Truly Good People

Recently, I’ve been having a crazy mix of feelings.  Part of me feels tremendously grateful and emotional for not suffering so much through my insomnia and insane levels of anxiety.  But the other part also feels like it only mastered dulling the pain momentarily, but the anguish still seeps through incrementally.  “Without suffering, there would be no compassion.”  It’s hard for people from their privileged perch to look down and view the rest of everyone else as a part of their world, because they have the option to not interact and treat others as another realm, separated by an invisible wall of glass that divides the experiences of all of us.  They can’t relate, and can go on living their lives in the smaller everyday problems, those we recognize as First World problems.

Maybe it should be mandatory for everyone to go through a serious phase of poverty and illness to truly be able to spread the compassion and mutual understanding that often bonds us to each other.  We are connected in the most delicate threads of wispy webs or silk, ones that make us love, feel pain and empathy for each other, makes us more resilient than we could ever realize.

On my trip to Europe, I was in a bad place, and it was hard to ignore, and I felt deeply all the suffering that I saw.  Here I was with my own horde of health issues, yet when I walked down the streets of Sorrento or Naples, there I stood in front of two women with their children in the streets, their life haunted in their eyes, one of them with their nose cut off; I felt my touristy privilege hit me and them in the face.  There a million tourists who flaunt off their wealth with Gucci perfume, Prada purses, and Ray Ban sunglasses strut by everyday without batting an eye, protected by that invisible wall, or maybe their own hardships had hardened them against what their eyes saw, but didn’t perceive anymore.  Throughout the trip, I spared a dollar or two here and there, but when I returned and told my friends, they warned me that the money might have been collected by gangs instead, and possibly endangered the women and children’s health further.  That point worried me.  The conversation reminded me of a scene from Whiskey Tango Foxtrot where Tina Fey’s character tries to stop Martin Freeman’s from giving money to a child, “Stop!  It’s a scam.” “So what, they’re still in the streets begging, aren’t they?”

I thought, how could one end up in such a life where cutting off the vulnerables’ noses be the only way you made a living?  Then I thought, like everyone else who turned a blind eye, once the wall was up, it couldn’t be that difficult once such things transformed into a norm in one’s mind.  Maybe even judging what was immoral was immoral of me:  after all, I had the privilege of never having been put in that position or had to make that kind of choice.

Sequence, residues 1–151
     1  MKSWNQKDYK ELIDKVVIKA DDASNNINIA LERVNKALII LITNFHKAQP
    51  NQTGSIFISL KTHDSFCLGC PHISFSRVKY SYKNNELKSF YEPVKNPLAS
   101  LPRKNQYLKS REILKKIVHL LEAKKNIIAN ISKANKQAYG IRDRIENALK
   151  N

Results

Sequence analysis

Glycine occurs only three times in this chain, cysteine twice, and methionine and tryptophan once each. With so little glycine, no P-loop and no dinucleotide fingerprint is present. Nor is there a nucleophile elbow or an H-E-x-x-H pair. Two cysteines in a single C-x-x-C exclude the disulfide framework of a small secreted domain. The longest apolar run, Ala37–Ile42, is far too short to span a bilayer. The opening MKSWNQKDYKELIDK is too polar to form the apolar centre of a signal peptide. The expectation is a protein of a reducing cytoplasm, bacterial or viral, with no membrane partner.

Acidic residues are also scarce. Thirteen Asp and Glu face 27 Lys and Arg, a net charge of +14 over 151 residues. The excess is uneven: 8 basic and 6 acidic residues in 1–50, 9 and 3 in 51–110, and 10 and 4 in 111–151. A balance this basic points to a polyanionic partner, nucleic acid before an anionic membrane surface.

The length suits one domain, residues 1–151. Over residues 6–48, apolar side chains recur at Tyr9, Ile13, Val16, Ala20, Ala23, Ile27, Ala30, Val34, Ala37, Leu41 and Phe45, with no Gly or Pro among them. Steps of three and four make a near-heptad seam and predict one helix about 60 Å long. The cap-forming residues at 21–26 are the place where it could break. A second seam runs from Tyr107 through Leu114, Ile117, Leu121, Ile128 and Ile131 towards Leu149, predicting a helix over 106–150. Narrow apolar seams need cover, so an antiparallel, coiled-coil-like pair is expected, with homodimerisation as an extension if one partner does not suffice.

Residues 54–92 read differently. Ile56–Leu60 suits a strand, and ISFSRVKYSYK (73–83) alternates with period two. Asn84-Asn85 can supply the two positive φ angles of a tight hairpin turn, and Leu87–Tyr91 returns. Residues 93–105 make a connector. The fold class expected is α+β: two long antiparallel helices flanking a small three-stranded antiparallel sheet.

Lately, everything on the news seemed to weigh heavily on my mind, not only made me sad, but actually flooded in and settled like a toxin, and I felt like I had to stem the flow by blocking out some of it by setting up a wall, otherwise it would be too much to handle. I felt some days like my mind was being eaten alive, consumed by all of it. Being depressed never solves anything though, I thought.  Nobody likes depressed, pessimistic people.  You have to fix your own problems and stand on your own two feet before you can start making a real difference in the bigger picture.

I roamed the aisles of Barnes and Noble one day, and opened the first page to the life of Hyeonseo Lee, and got pulled immediately into her story.  It’s called “The Girl with Seven Names.”  There were no words for the tremendous respect I felt reading through everything she endured, and how happy I felt to know she made it safely from North to South Korea, even if it took a decade.  After all that she experienced, losing her father, almost being raped, almost being deported, almost being sold into prostitution, being betrayed and hospitalized by strangers, she made it.  And the part of her that was close to giving up, was shown how kind humanity can be at the most random moments, when Dick Stolp, an Australian backpacker, a stranger to her, decided to hand her money to buy her family’s freedom.  For no other reason than to help.  He could’ve decided to conform to the general conventional realistic, or pessimistic belief that she was trying to cheat him with a sad story, but he didn’t.  He chose to have faith despite the million reasons why one wouldn’t do it.  And when you think about it, is the cost of 5 human lives worth $1000?  More than that.  And yet, most of us wouldn’t do it.  Maybe we look at a life that is smeared in dirt, trembling at our feet in rags, and we get to decide that that life isn’t worth giving a hand to.  Why?

It would’ve completely broke me if I were to give all that money, to find out that they didn’t even make it to safety.  And that might’ve been enough to prevent me from giving out that money, which is so selfish.  We’d rather not have to cross that wall, or momentarily dip into the contaminated water of someone else’s life if possible.

And that brings me to my next point.  There is no doubt humans are complex, most of us have bad and good sides.  And yet, I can think of a handful of people I know who truly, absolutely do not judge people by their appearances, financial status, or other things that so closely wrap around our everyday perceptions, yet are so superficial.  And I feel so proud to know these people.  There are 100% moral people in the world who are overfilling to the brim with kindness and goodness.  Often, they are taken advantage of by other people, but it doesn’t diminish their spirit because it would be so hard to take that away from them; it’s a part of them.  And that makes me have faith that these kinds of people still exist.

 

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